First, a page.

During the 2008 election, the total value of contributions to Senate candidates was $4,355,230. The top 10 contributors were:[17]


See also: West Virginia House of Delegates elections, 2006

Elections for the office of West Virginia House of Delegates consisted of a primary election on May 9, 2006, and a general election on November 7, 2006.

During the 2006 election, the total value of contributions to Senate candidates was $4,894,204. The top 10 contributors were:[18]


See also: West Virginia House of Delegates elections, 2004

Elections for the office of West Virginia House of Delegates consisted of a primary election on May 11, 2004, and a general election on November 2, 2004.

During the 2004 election, the total value of contributions to Senate candidates was $4,043,863. The top 10 contributors were:[19]


See also: West Virginia House of Delegates elections, 2002

Elections for the office of West Virginia House of Delegates consisted of a primary election on May 14, 2002, and a general election on November 5, 2002.

During the 2002 election, the total value of contributions to Senate candidates was $3,362,345. The top 10 contributors were:[20]


See also: West Virginia House of Delegates elections, 2000

Elections for the office of West Virginia House of Delegates consisted of a primary election on May 9, 2000, and a general election on November 7, 2000.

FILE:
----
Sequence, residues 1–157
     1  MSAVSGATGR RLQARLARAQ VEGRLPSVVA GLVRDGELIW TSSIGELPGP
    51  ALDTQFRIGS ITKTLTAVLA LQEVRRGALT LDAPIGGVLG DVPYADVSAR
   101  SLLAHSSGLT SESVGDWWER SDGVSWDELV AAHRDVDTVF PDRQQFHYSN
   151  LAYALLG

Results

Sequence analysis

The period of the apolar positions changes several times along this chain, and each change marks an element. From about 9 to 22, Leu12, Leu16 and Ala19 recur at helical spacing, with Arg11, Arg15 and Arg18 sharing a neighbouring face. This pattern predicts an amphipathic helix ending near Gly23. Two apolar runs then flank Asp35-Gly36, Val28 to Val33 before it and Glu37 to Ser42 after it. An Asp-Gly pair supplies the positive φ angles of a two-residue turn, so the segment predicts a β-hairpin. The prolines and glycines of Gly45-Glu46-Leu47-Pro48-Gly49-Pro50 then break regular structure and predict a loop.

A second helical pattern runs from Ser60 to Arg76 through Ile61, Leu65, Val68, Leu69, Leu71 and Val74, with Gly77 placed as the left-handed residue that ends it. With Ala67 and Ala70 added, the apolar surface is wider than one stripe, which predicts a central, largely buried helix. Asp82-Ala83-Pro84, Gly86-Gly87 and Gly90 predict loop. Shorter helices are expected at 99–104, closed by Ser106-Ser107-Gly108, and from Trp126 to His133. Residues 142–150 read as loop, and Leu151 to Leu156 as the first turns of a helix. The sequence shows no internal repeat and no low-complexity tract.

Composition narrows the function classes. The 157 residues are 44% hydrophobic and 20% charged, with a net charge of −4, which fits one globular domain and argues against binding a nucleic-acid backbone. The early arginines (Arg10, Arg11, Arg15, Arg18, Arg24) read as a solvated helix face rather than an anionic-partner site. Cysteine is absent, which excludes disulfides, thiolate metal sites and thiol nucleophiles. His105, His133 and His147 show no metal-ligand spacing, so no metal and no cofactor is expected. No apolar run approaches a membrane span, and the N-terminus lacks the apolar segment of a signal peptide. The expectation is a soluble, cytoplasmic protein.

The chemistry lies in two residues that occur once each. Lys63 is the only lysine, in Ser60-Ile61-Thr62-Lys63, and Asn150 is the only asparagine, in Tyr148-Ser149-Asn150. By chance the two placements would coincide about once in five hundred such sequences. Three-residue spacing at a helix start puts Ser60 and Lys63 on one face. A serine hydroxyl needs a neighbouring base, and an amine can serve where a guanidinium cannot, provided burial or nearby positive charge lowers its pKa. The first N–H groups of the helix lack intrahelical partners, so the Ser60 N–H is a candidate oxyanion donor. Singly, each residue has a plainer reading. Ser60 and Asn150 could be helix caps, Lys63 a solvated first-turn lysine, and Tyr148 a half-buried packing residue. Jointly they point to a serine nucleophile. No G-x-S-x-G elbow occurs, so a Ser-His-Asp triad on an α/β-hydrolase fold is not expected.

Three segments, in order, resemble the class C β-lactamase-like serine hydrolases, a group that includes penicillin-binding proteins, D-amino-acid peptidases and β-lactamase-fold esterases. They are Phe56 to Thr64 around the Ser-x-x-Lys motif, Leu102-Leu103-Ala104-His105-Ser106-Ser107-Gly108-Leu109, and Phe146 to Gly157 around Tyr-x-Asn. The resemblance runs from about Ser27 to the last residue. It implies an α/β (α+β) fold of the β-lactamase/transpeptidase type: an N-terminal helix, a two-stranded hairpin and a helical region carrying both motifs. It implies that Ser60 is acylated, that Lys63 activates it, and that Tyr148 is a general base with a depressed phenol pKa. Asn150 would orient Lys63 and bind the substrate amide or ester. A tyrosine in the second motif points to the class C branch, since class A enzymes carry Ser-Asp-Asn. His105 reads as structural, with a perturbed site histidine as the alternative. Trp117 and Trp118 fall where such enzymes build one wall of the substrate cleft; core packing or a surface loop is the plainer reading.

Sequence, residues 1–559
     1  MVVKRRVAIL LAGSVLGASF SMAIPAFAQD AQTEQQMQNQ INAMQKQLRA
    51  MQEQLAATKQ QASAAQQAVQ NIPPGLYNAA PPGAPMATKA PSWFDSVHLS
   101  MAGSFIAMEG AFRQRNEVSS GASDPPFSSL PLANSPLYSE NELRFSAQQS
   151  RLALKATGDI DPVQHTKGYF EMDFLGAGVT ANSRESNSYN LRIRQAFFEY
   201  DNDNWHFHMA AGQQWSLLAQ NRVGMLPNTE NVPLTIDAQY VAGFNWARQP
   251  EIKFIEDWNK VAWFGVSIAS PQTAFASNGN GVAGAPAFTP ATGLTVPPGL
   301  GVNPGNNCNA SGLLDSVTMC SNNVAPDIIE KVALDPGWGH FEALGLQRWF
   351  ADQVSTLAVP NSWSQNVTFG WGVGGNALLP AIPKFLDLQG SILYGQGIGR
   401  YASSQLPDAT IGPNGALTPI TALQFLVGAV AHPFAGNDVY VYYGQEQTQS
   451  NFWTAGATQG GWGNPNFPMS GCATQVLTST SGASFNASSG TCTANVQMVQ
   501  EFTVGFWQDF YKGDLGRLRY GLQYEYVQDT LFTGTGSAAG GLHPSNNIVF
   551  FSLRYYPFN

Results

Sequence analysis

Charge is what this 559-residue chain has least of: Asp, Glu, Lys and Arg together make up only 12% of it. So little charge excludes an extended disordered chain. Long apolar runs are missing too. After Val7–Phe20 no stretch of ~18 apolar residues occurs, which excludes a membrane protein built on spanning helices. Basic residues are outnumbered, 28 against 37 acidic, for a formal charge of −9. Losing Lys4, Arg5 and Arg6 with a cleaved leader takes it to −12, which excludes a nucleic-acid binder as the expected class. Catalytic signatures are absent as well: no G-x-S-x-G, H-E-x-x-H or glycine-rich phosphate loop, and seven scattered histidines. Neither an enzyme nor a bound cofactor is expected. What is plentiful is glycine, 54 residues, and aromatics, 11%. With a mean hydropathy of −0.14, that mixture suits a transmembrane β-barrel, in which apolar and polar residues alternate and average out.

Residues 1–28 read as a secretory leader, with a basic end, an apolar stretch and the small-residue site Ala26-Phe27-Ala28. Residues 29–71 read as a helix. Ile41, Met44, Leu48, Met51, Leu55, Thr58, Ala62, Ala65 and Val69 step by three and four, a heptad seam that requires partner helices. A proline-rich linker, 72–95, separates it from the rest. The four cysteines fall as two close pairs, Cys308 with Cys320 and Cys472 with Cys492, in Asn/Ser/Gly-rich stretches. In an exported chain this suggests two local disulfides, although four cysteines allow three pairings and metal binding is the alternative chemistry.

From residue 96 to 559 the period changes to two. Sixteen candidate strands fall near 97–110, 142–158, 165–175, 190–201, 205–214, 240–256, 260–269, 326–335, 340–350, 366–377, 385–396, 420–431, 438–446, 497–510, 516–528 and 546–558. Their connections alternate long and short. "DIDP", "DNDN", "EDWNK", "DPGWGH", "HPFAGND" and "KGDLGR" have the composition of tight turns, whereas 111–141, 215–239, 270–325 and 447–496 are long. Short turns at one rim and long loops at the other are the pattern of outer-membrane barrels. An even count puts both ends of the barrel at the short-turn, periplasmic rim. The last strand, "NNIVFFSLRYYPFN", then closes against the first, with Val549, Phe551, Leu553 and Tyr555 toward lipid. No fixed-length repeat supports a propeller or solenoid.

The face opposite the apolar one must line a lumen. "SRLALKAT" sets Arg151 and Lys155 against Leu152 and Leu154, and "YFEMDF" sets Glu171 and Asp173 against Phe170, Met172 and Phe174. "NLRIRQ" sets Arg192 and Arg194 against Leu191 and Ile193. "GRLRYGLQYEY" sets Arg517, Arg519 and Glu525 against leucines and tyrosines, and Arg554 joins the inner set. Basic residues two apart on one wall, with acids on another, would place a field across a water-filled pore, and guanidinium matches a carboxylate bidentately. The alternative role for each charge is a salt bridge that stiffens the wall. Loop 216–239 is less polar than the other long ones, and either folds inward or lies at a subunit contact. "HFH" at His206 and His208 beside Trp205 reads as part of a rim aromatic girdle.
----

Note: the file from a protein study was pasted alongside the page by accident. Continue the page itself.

During the 2000 election, the total value of contributions to Senate candidates was $3,601,514. The top 10 contributors were:[21]


Section 13 of Article 6 of the West Virginia Constitution states, "No person holding any other lucrative office or employment under this state, the United States, or any foreign government; no member of Congress; and no person who is sheriff, constable, or clerk of any court of record, shall be eligible to a seat in the Legislature."


See also: How vacancies are filled in state legislatures
How Vacancies are filled in State Legislatures
NevadaMassachusettsColoradoNew MexicoWyomingArizonaMontanaCaliforniaOregonWashingtonIdahoTexasOklahomaKansasNebraskaSouth DakotaNorth DakotaMinnesotaIowaMissouriArkansasLouisianaMississippiAlabamaGeorgiaFloridaSouth CarolinaIllinoisWisconsinTennesseeNorth CarolinaIndianaOhioKentuckyPennsylvaniaNew JerseyNew YorkVermontVermontNew HampshireMaineWest VirginiaVirginiaMarylandMarylandConnecticutConnecticutDelawareDelawareRhode IslandRhode IslandMassachusettsNew HampshireMichiganMichiganAlaskaVacancy fulfillment map.png

In West Virginia, the Governor is responsible for filling all vacancies in the house.[22][23]

The executive committee of the political party that holds the seat must submit a list of three candidates to the Governor. The list must be submitted to the Governor within 15 days of the vacancy. The Governor must make a selection within five days of receiving the list. The person that is selected to fill the seat serves the remainder of the unfilled term.[23]


See also: Redistricting in West Virginia